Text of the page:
This book presents the current state of thought on the common path of sustainable diets and biodiversity, and addresses the linkages among agriculture, health, the environment and food industries. The book identifies the urgent need to develop and promote strategies for sustainable diets, emphasizing the positive role of food biodiversity in human nutrition and poverty alleviation. Its chapters are based on the presentations given at the International Scientific Symposium on Biodiversity and Sustainable Diets, organized by FAO and Bioversity International from 3-5 November 2010, in Rome, Italy. Several chapters touch upon traditional knowledge-related topics, including: dynamic conservation of globally important agricultural heritage systems for a sustainable agriculture and rural development; biodiversity and sustainability of indigenous peoples’ foods and diets; traditional food systems in assuring food security in Nigeria; and biocultural diversity and the Mediterranean diet. View the table of contents … Download the book [pdf] …

Indigenous Knowledge
Sarah Johnson (ed), Themes in Environmental History 3, The White Horse Press, 2012 | ISBN: 978-1-874267-68-3

This book investigates how indigenous peoples from various cultures interact with, and conceptualize their environments, past and present. It offers accounts of indigenous conservation practices and traditional environmental knowledge, alongside challenging explorations of how knowledge is filtered through ideologies and subjectivities, from the Western scientific worldview to individual memory. Chapters address case studies in several parts of the world, under the following sections: defining indigeneity; indigenous conservation, beliefs and practices; indigenous subjectivities, perception, myth, memory; and cultural collisions and competing knowledges. Download the book [pdf] …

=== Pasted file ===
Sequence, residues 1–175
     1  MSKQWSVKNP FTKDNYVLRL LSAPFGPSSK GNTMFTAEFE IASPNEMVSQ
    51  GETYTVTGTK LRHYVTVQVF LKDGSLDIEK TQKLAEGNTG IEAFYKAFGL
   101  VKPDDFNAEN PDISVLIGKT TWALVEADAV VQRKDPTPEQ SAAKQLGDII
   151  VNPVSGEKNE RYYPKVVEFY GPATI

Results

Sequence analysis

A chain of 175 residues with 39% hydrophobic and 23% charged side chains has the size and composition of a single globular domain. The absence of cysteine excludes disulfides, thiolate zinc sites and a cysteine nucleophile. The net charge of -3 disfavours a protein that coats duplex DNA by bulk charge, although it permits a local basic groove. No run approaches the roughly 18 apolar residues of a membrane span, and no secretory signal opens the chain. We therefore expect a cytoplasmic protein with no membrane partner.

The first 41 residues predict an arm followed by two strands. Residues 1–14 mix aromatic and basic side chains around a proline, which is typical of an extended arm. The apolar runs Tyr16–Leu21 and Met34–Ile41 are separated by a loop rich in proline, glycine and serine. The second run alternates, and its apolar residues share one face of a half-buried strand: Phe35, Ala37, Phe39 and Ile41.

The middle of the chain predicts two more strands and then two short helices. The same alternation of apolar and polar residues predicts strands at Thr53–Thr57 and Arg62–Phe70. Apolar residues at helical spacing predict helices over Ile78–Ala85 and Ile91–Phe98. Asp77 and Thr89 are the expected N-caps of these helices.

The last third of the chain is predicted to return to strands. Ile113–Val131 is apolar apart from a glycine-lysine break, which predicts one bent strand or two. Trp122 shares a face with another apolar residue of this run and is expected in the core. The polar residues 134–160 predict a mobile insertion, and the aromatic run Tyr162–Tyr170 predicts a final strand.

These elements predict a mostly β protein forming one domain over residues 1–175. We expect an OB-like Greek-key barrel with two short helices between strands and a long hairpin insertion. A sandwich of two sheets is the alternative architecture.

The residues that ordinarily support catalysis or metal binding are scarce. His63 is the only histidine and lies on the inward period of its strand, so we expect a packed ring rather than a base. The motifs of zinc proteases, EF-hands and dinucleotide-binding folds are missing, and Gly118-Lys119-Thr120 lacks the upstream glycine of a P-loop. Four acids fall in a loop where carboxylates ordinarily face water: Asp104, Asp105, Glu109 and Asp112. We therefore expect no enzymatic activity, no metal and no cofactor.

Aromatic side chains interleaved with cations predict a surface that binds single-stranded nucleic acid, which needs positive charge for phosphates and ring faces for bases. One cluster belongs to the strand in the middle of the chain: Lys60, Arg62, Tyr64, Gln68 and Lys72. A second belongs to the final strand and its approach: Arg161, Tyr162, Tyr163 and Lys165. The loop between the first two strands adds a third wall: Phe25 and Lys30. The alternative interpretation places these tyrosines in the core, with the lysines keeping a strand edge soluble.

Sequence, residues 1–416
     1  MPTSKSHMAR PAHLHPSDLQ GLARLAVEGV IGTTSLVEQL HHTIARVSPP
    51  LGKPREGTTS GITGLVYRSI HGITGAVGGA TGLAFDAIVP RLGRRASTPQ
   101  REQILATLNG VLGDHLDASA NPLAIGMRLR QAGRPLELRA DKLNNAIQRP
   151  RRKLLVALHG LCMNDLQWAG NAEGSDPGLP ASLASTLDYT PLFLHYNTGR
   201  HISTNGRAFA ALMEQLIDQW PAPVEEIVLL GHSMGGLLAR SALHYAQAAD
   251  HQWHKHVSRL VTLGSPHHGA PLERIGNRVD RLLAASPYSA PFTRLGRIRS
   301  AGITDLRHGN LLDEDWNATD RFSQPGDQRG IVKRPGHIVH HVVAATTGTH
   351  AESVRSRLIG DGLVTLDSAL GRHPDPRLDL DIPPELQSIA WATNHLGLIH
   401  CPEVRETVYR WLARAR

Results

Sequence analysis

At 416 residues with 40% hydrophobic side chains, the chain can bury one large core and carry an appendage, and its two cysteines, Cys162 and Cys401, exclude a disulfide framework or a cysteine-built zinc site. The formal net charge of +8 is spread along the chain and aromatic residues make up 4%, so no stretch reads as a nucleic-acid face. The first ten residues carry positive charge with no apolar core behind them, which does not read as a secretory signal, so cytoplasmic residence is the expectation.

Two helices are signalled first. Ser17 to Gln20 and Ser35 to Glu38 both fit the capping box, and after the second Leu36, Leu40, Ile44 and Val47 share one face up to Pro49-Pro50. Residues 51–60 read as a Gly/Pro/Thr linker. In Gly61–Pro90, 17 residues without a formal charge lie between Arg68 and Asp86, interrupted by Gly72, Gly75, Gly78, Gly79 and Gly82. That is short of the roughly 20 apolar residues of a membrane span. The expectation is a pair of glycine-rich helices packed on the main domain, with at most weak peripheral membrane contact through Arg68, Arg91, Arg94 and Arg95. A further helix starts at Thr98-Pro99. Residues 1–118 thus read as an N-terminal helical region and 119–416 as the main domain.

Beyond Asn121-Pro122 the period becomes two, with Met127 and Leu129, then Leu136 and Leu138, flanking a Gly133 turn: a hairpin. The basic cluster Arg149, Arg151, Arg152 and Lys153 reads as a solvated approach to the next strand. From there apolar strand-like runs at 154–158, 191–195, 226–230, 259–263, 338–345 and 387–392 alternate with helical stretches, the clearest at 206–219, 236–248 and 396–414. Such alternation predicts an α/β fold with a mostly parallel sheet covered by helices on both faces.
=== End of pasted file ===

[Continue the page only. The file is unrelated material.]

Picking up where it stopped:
Observation and Ecology: Broadening the scope of science to understand a complex world
Rafe Sagarin and Anibal Pauchard, Island Press, July 2012, ISBN: 9781597268264

The need to understand and address large-scale environmental problems that are difficult to study in controlled environments – issues ranging from climate change to overfishing to invasive species – is driving the field of ecology in new and important directions. This bookdocuments that transformation, exploring how scientists and researchers are expanding their methodological toolbox to incorporate an array of new and reexamined observational approaches – from traditional ecological knowledge to animal-borne sensors to genomic and remote-sensing technologies – to track, study, and understand current environmental problems and their implications. The authors examine what observational approaches to ecology are and where they fit in the context of ecological science. They consider the full range of observational abilities we have available to us and explore the challenges and practical difficulties of using a primarily observational approach to achieve scientific understanding. They also show how observations can be a bridge from ecological science to education, environmental policy, and resource management. The book aims to play a key role in understanding our changing planet and the consequences of human activities on ecological processes, and to serve as an important resource for future scientists and conservation leaders who are seeking a more holistic and applicable approach to ecological science. Visit the book’s website … Purchase the book from Island Press …

Reducing Emissions from Deforestation and Degradation (REDD) – E-Learning Series on International Frameworks that Support Indigenous Peoples, Local Communities and Their Territories and Areas
Natural Justice, 2012

This draft e-module seeks to prepare communities, especially communities developing biocultural community protocols, to engage proactively with the international framework of REDD+. It briefly describes the rationale behind and plans for REDD+; looks at the key issues that have emerged around REDD+, focusing especially on the concerns with its current status and the safeguards that are being developed to attempt to protect community rights; and looks at the current forms in which REDD+ is being implemented.

The document is not final and any comments can be directed to: holly (at) naturaljustice.org and harry (at) naturaljustice.org. Read the release by Natural Justice … Download the draft e-module [pdf] …